A touring production about the complex issues around fossil fuel extraction is coming to western Pennslyvania. The story, presented by Kentucky-based Clear Creek Creative, delves into the themes of domination and resilience in Appalachia.
“Ezell: Ballad of a Land Man” is described as an outdoor, eco-cultural theater, music and meal experience. It’s coming to Tree Pittsburgh’s campus along the Allegheny River from September 28 through October 1.
The Allegheny Front’s Kara Holsopple spoke with artist Greg Manley of local organization Friends of the Riverfront, who helped bring the production to Pittsburgh, and Bob Martin, writer and lead performer of the title character.
Listen to the conversation:
Kara Holsopple: Who is Ezell Parsons, and where did he come from?
Bob Martin: Ezell is somebody whose family has lost their land. It’s a story that’s common to many people. Parents, family members have gotten sick, so in hard times, families had to sell off the land. And Ezell has been removed from that place of his upbringing and has been trying to find a way to get back to that place or that feeling of being connected to land, of home place, of belonging.
Ezell has taken a job as a land man, a land rights speculator. As the fracking boom has come into his area and local companies are forming to try to grab land rights, oil and gas rights in anticipation of a larger commodity, Ezell, as a land man, is using his knowledge of the place and of the people who live there to try to support them in not having to sell off their land.
At the same time, he’s using the money from this job to buy back his family’s land in hopes of reviving it. However, this idea of Ezell buying back his family’s land while trying to get neighbors to sell off their mineral rights is a catch-22. It’s something where the land might be destroyed despite his best intentions.
Kara Holsopple: Why did you want to bring the production to Pittsburgh, along the banks of the Allegheny River?
Greg Manley: I moved here in 2015 and was struck by people’s roots — how deep those roots go in this region. The story of feeling at home in a place where you have been, and your ancestors have been was something that was new to me, having grown up in California and moved to New York City and considered myself more of a global traveler. Then, I was eager to put down roots in Pittsburgh and have since started a family here.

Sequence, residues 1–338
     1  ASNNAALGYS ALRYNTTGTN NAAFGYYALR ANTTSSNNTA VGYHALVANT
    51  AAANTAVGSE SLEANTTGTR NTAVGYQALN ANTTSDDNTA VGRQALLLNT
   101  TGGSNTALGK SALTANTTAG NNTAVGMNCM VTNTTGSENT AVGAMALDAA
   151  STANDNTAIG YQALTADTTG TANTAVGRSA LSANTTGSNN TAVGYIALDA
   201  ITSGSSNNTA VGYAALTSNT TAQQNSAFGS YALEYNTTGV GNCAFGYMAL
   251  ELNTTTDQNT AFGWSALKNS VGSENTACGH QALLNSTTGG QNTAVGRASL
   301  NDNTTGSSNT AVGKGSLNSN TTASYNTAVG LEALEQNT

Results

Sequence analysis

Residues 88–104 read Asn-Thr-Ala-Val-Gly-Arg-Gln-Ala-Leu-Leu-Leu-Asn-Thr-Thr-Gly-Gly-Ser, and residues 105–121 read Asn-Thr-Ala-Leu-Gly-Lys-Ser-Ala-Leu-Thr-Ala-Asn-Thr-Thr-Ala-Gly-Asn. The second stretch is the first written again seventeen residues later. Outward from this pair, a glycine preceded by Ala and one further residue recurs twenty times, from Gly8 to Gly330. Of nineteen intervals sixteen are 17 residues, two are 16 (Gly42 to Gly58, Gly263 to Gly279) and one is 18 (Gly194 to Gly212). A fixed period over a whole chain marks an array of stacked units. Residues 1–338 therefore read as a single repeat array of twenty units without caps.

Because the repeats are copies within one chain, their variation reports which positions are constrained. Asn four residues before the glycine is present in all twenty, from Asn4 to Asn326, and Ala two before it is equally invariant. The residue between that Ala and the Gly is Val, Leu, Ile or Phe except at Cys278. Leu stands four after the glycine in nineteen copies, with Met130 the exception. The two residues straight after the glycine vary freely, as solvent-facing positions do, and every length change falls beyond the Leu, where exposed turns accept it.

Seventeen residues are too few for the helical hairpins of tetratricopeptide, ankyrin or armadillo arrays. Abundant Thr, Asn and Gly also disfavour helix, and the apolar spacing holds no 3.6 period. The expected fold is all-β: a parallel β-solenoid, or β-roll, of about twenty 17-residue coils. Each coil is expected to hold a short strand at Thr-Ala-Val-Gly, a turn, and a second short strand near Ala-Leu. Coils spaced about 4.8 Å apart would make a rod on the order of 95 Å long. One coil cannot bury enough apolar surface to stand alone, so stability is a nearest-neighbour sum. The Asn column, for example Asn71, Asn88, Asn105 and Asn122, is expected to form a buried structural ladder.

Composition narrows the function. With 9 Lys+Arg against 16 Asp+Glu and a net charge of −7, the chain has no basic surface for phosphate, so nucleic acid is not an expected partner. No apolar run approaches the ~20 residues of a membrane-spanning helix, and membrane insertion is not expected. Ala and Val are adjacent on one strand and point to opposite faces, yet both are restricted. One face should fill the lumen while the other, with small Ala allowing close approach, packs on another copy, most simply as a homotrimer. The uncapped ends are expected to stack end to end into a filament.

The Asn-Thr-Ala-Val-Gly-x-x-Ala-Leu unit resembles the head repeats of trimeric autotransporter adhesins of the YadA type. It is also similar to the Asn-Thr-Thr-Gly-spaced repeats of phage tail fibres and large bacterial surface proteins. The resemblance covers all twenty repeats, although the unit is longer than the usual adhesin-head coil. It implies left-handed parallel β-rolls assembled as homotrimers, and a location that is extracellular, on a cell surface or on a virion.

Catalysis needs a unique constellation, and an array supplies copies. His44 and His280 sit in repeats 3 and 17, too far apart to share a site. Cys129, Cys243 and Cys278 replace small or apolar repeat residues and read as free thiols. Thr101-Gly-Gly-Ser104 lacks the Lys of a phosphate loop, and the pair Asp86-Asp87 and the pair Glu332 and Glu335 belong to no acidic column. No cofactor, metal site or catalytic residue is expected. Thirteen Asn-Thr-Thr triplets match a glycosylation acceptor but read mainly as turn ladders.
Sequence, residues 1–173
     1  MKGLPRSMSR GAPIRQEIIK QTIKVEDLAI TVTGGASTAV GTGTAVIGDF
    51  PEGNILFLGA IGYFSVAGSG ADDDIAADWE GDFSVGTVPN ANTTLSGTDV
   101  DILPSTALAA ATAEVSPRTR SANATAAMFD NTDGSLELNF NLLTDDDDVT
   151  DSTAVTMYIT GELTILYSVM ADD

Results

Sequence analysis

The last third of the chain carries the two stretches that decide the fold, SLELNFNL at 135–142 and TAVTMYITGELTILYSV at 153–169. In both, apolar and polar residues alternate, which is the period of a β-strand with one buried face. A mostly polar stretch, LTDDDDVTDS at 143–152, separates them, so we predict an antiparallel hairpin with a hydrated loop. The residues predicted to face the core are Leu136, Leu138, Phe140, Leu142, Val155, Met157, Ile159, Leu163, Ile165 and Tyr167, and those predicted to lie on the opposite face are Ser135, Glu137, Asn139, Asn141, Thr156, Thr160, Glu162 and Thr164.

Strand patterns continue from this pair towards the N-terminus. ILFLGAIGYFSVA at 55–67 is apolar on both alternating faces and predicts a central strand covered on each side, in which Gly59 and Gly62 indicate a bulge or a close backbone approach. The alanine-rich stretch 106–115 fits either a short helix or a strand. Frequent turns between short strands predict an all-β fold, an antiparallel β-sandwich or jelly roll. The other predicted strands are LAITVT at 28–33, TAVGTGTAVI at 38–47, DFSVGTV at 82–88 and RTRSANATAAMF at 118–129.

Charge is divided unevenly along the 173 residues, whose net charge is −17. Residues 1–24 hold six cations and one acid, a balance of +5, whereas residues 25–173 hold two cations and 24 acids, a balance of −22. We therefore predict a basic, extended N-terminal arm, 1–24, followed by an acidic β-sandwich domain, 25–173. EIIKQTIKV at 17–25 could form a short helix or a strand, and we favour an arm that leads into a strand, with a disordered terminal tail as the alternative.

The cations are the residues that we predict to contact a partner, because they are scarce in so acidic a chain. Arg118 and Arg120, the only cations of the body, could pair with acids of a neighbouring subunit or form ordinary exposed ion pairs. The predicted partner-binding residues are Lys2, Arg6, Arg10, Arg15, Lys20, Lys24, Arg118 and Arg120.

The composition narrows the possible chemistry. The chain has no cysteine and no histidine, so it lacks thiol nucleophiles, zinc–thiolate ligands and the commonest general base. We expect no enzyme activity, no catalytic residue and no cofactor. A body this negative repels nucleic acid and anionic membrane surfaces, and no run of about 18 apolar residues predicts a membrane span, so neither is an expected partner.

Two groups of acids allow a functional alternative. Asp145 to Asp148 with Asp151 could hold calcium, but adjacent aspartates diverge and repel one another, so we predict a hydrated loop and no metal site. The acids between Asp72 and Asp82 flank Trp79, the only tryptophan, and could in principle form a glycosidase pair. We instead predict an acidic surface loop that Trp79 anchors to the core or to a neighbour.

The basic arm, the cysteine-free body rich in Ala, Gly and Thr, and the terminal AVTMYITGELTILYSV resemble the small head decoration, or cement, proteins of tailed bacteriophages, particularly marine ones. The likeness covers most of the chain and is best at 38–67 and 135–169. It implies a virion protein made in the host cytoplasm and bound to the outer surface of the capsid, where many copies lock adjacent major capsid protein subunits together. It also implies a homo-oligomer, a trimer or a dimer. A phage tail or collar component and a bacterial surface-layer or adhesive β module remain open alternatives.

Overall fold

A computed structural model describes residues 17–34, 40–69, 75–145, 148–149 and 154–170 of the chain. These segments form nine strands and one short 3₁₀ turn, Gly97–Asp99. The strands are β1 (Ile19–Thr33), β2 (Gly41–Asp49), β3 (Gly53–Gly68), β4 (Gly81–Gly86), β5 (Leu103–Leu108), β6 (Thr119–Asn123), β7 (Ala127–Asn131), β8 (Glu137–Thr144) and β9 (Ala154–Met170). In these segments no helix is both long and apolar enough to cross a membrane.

I think the question of land is very crucial in Pittsburgh. How do we keep the people whose hearts are here in the land here? How do we welcome the people in who can find a home that’s affordable and very liveable here? It immediately seemed to me like a story that would resonate very strongly with all the different types of people that call Pittsburgh their home.
Bob Martin: Just to build off of that, in the play, Ezell talks to the audience as cousins. He says, “Hey, cousin.” When I go to Pittsburgh, I feel very much like it’s a part of home here. The story of extraction is an incredibly complex one. It’s not a pro-con binary. It’s something where if we’re going to envision solutions to this for the future of this place, those solutions should be as complex as the ecosystem of this place, which includes the complexity of all the people and the labor and the culture that have lived here past, present and future.
Kara Holsopple: Yeah, I wondered if the performance had a point of view when it comes to fossil fuel extraction.
Bob Martin: I think to answer your question, yes, there’s a clear point of view. We seek not to vilify any person or particular industry in this play. However, we’ve had people from oil and gas come and see this play and then write back to their colleagues and, you know, in industry forums, saying you’ve got to see this because it’s calling us to the attention of how this work impacts people on a local and interpersonal and community level as well as speaking to larger aspects of climate change.